This summer, Edward Snowden, a former government employee, leaked information about U.S. intelligence activities including widespread, warrantless surveillance of domestic and foreign telephone and Internet communications. A University of Missouri law expert says Snowden’s charges show how governments are using terrorism powers too broadly by potentially misapplying laws. The MU expert believes this could have a significant chilling effect on free speech.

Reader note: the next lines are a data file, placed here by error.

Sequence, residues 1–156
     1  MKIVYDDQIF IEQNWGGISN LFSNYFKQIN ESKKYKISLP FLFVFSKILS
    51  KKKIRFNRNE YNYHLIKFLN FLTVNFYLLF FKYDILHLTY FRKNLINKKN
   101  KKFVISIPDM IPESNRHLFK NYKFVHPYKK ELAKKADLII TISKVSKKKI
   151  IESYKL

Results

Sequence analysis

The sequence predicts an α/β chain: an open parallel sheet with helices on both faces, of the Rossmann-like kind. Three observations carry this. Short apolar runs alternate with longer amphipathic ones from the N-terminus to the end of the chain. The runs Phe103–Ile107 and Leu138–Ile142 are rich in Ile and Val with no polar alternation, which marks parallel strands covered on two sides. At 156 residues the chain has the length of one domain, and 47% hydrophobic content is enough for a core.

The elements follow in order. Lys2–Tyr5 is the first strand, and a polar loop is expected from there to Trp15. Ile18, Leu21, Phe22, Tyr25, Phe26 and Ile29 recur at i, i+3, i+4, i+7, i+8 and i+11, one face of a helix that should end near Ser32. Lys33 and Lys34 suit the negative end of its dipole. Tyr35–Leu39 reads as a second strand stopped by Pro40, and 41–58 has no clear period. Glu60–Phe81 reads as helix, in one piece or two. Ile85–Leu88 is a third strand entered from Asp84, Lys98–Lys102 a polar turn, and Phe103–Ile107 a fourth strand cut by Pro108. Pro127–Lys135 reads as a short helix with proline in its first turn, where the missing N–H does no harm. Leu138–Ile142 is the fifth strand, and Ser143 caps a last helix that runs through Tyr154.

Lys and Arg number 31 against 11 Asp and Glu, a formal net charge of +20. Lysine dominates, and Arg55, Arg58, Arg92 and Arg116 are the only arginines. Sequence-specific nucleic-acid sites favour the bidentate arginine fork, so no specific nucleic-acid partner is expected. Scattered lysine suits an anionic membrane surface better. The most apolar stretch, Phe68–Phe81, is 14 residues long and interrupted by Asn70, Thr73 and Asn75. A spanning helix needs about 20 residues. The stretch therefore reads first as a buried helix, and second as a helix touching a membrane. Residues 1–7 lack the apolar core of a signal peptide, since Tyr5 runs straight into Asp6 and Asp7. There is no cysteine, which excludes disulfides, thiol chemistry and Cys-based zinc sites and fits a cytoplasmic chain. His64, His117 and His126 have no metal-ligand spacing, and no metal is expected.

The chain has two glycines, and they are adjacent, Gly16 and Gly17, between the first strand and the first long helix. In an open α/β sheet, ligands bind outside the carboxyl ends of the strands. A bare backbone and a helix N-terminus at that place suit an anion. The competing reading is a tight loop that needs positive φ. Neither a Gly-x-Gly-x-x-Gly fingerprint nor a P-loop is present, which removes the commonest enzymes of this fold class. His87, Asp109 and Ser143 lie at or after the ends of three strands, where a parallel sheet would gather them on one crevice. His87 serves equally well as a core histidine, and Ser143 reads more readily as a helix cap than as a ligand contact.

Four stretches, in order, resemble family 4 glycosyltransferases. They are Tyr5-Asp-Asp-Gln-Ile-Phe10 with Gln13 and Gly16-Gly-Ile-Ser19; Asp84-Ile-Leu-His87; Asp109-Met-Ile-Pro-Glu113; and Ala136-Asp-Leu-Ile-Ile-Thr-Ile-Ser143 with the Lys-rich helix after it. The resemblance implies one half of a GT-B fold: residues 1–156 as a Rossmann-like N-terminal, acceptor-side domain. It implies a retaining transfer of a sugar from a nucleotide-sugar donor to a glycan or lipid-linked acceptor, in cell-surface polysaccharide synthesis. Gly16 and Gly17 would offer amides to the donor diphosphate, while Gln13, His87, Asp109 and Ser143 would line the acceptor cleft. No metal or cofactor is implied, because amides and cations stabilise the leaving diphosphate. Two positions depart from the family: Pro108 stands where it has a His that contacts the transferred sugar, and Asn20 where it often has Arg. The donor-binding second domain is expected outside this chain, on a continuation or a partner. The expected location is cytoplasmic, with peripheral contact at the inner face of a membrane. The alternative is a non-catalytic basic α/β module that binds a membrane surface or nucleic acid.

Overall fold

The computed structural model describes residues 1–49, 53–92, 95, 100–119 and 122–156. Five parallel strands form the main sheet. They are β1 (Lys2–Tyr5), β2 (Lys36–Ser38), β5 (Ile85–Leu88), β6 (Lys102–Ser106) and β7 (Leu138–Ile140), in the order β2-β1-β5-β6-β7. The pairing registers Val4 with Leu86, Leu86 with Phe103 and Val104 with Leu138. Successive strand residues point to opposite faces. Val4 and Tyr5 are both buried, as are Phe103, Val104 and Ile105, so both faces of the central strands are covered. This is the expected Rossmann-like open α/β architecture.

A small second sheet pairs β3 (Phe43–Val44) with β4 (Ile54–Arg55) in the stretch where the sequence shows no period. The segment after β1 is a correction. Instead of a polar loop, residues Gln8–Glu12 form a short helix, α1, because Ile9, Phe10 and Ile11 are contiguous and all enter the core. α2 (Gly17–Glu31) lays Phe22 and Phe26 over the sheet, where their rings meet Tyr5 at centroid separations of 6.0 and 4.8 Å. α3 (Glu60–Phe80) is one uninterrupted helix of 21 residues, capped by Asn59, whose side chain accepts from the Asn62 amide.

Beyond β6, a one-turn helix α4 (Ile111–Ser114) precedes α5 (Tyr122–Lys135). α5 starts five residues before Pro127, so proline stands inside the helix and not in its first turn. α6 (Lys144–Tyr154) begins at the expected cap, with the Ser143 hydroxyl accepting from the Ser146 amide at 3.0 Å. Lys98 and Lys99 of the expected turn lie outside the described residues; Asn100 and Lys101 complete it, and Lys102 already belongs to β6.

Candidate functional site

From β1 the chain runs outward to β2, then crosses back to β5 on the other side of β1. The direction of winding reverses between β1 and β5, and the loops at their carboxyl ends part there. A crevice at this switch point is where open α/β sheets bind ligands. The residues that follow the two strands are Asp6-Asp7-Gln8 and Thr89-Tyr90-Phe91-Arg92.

Christina Wells, the Enoch N. Crowder Professor of Law in the University of Missouri School of Law and a First Amendment expert, recently published an article in Jurist discussing the Snowden affair and its relation to First Amendment rights. She argues that sections of the Espionage Act are too broadly written and allow the government to avoid charges of treason, which come with many obstacles, while still receiving similar effects in the public sphere.

Wells is concerned that if the federal government abuses laws meant to stop terrorists and spies, it could have damaging effects on First Amendment rights.